Slightly more than half of German immigrants who came to Missouri during the nineteenth century chose St. Louis as their primary destination. The majority of St. Louis Germans initially came from southern and western Germany, where economic and social upheaval had been the most intensive and devastating.1 These German immigrants were not destitute peasants but professionals, skilled craftsmen, and unskilled workers in search of economic improvement, better wages and ownership of businesses. Carpenters, coopers, shoemakers, tailors, bakers, brewers, stonemasons and bricklayers applied their learned trades in their adopted homeland and filled the high demand for skilled labor in the rapidly growing city, adding to its diversity of economic and social classes. A sizable number of them quickly owned real estate in the form of either a personal business or home or as land for development.2
The “Forty-Eighters” also preferred the city and most of them settled in St. Louis County during the early 1850s to take advantage of lower housing costs, yet be close to the city’s market and the opportunity for employment as artisans, teachers, journalists, and politicians. By 1880, the majority of Germans coming to St. Louis were displaced farm laborers or urban workers from northern Germany who pursued manufacturing and mechanical occupations. Ludwig Dilger, for example, indicated to his family in Germany that St. Louis offered excellent opportunities for masons, carpenters, and wheelwrights.3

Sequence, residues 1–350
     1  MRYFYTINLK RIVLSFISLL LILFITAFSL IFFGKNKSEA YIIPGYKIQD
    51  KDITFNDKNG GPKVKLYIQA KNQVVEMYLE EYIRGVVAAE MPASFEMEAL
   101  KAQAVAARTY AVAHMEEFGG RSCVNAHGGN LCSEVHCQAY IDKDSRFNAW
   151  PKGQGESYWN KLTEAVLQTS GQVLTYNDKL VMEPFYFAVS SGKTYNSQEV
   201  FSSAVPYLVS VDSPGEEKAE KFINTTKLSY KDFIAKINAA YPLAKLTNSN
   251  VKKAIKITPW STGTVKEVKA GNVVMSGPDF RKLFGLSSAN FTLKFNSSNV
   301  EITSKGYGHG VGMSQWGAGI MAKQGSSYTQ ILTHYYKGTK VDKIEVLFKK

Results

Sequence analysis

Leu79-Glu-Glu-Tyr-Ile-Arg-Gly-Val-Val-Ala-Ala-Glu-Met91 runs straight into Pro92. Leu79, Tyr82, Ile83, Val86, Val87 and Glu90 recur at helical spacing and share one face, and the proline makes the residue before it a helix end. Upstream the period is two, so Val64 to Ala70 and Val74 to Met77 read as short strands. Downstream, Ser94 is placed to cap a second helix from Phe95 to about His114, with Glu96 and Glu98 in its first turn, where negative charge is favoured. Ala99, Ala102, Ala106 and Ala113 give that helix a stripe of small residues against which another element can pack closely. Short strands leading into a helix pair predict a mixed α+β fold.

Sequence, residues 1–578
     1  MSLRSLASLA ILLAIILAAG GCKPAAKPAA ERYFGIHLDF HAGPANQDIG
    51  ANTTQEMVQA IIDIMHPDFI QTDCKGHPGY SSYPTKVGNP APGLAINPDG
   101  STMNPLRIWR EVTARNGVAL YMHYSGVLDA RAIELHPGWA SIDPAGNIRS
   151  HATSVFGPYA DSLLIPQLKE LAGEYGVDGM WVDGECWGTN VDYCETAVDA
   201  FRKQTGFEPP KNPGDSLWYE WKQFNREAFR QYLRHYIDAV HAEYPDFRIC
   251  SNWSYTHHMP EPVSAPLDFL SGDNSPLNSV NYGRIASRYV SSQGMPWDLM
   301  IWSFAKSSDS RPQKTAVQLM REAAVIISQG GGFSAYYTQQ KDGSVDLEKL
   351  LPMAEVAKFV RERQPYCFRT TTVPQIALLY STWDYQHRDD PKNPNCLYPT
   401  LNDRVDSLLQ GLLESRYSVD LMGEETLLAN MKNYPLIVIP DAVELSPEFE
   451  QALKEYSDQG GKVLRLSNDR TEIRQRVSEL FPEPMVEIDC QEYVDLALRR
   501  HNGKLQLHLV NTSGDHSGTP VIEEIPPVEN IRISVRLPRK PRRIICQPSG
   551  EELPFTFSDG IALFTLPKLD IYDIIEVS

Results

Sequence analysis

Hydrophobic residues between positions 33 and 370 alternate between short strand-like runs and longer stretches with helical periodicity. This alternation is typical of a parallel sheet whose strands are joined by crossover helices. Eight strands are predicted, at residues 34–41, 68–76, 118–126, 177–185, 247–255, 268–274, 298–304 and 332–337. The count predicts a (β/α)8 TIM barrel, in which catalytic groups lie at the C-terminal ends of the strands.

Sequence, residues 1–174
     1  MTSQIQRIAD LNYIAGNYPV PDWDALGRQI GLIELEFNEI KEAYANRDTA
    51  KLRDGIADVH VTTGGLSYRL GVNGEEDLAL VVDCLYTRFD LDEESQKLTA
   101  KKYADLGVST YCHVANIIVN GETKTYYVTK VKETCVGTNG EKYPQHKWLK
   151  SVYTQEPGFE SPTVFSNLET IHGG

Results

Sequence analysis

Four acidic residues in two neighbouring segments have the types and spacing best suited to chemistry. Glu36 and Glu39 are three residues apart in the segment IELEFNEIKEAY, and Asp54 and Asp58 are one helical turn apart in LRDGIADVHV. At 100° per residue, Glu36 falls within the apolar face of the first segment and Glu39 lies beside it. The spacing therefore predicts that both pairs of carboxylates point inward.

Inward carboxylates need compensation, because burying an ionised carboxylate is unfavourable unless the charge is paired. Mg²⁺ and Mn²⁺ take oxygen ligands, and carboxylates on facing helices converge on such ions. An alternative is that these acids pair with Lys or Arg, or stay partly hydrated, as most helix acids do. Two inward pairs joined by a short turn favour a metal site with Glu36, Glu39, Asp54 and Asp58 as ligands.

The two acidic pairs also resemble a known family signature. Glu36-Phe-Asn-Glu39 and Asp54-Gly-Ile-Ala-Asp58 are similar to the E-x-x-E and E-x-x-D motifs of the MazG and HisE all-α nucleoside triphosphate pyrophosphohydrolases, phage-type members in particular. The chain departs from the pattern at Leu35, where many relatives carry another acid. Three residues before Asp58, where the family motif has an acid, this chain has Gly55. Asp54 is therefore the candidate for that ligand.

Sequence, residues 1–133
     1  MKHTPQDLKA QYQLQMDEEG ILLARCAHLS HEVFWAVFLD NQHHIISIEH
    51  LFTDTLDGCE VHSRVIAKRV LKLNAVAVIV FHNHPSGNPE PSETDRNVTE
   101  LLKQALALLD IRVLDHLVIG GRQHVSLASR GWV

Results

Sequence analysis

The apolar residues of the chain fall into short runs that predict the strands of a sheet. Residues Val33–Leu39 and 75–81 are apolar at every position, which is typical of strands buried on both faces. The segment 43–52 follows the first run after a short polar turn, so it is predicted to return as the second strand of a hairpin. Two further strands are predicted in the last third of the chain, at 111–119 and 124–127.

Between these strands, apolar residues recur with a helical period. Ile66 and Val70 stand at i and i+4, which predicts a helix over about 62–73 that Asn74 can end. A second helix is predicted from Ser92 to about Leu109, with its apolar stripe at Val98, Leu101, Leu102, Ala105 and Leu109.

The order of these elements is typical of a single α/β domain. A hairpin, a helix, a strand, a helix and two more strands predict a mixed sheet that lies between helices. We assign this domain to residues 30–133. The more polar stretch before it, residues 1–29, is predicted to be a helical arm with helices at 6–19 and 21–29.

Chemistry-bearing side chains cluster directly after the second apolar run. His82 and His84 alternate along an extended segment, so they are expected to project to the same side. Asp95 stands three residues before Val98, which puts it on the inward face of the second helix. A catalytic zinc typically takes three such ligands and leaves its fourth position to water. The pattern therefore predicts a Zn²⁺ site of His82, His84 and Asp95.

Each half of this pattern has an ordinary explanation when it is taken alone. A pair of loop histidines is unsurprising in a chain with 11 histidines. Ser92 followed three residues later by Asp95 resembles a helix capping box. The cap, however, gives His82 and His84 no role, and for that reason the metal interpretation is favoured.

The economic opportunity in St. Louis and its rich farming hinterland also provided temporary employment for needy newcomers who had enough savings to pay for the voyage across the Atlantic but not enough to purchase land. Single travelers or newlywed couples often lived in the city on the way to the farm. Mutual aid societies, such as the Deutsche Unterstützungs Band (German Aid Society) and the Deutsche Gesellschaft (German Society) of St. Louis, assisted new arrivals with finding employment, provided access to hospital care, aided with burials and assisted with arrangements for those who wished to continue their journey farther west.4